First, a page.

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  Life   Art  22 Oct 2017  An old blueprint for new art

An old blueprint for new art

Published : Oct 22, 2017, 12:39 am IST
Updated : Oct 22, 2017, 12:39 am IST

This city-based artist tells us about her newest love of creating art using a process which is almost 180 years old.

Pooja Harish
 Pooja Harish

Going back to the roots seems to be the flavour of the season. And 26-year-old artist-cum-yoga instructor from the city, Pooja Harish, is doing just that by creating artworks using the long-forgotten photographic printing process of cyanotype. Way back in the 1840s, engineers used to produce low-cost copies of drawings, referred to as blueprints, in cyan-blue colour using the cyanotype process.

Pooja explains, “The process requires a mix of two chemicals, ferric ammonium citrate and potassium ferricyanide. The chemicals are mixed with water separately and then the two solutions are blended together in equal parts and applied all over the medium.”

One of Pooja’s cyanotype artwork One of Pooja’s cyanotype artwork

She adds that her newfound love for the process is so simple that anyone can take it up and experiment with it. “In this age of digitisation, everyone is a photographer in their own merit. I especially love flowers and mountains. So select one of your favourite photos and using Adobe Photoshop, digitally convert it into a negative using a filter. Then take that printout on a plastic sheet at any photography shop. This one-time process enables you to create multiple artworks on any medium — paper, wood and cloth. The darkness of the final artwork depends on the amount of chemicals you apply and the sunlight it is exposed to. Place the negative on the paper where chemical is applied, put a glass frame on it and place it under the sun. The process takes around 15 minutes. You will get the final product after the chemicals are washed off under running tap water,” explains Pooja.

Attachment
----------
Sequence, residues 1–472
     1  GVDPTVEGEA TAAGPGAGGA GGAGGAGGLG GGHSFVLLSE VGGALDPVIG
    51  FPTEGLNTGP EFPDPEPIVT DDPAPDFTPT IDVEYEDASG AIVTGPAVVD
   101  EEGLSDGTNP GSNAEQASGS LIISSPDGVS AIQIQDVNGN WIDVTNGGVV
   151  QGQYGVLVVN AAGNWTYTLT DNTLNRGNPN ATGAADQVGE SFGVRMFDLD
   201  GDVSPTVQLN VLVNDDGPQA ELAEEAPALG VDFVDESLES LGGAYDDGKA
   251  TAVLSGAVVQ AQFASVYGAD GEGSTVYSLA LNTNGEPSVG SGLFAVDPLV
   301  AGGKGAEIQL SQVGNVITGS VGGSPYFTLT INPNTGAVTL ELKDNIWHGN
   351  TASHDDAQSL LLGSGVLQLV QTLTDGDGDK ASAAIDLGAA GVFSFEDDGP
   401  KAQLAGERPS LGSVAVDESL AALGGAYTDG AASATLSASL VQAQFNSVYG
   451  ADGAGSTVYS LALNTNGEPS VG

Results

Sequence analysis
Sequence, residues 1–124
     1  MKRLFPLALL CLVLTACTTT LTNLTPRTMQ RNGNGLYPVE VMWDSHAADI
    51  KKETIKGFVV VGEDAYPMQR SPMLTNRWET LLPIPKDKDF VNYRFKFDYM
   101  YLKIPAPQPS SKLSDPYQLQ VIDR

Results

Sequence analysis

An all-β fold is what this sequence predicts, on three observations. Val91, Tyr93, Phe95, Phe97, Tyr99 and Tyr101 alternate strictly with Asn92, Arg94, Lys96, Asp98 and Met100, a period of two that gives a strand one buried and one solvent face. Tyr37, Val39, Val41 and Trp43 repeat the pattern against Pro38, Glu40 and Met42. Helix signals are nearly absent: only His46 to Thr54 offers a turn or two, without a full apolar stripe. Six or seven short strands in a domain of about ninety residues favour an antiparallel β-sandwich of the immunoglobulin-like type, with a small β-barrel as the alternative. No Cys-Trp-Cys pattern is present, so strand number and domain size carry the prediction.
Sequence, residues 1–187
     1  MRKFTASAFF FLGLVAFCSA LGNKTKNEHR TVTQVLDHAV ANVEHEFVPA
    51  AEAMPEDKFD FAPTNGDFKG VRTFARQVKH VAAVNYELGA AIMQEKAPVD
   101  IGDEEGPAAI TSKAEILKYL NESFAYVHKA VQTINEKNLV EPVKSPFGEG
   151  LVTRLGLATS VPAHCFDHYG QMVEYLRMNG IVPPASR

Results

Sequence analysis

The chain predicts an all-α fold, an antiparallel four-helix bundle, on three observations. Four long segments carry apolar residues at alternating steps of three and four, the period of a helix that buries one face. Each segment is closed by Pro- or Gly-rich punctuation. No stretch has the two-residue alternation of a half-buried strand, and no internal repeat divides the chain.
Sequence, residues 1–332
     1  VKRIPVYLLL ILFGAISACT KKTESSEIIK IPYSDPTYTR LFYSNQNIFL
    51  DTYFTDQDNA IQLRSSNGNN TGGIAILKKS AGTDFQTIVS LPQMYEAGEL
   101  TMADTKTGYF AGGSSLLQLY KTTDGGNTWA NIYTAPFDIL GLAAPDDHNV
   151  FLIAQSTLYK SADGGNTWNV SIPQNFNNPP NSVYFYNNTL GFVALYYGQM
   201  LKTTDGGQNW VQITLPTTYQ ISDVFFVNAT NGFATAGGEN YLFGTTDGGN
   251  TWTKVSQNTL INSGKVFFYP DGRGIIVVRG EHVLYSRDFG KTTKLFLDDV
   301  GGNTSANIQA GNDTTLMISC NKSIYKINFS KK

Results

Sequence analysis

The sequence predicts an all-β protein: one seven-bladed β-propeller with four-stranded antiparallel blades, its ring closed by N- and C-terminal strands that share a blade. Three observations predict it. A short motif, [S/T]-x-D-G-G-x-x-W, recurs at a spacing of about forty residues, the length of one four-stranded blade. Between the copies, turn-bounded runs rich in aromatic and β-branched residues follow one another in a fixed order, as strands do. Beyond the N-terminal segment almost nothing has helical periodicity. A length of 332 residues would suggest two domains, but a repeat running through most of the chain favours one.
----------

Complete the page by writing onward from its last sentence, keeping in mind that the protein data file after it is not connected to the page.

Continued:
While her stint with cyanotype might be new, her association with the creative field is quite old. “I was studying biology in school where we had to draw diagrams. This is where I fell in love with art. Moreover, my grandfather was an artist and used to encourage me in all my endeavours. Even though I come from a very traditionally inclined and conservative family who did not like me venturing into the arts while leaving academics, it was my grandfather who believed in me and my work,” she says. So this passionate girl pursued a bachelors in fine arts and, somehow, felt a unique connection with sculpting.

Cyanotype artworks can be created in matters of 15 minutes when placed under sunCyanotype artworks can be created in matters of 15 minutes when placed under sun

She says, “The happiness that it gave me was immense; I didn’t care that it was a financially viable option or not.” Pooja now successfully dabbles into multiple creative fields, be it sculpting, painting or cyanotype. She plans to start an art cafe very soon for budding artists and is simultaneously working on a series where she is combining sculpture, painting and cyanotype in a single artwork.

One of Pooja’s cyanotype artworkaCyanotype artworks can be created in matters of 15 minutes when placed under sun

Tags: artworks, lifestyle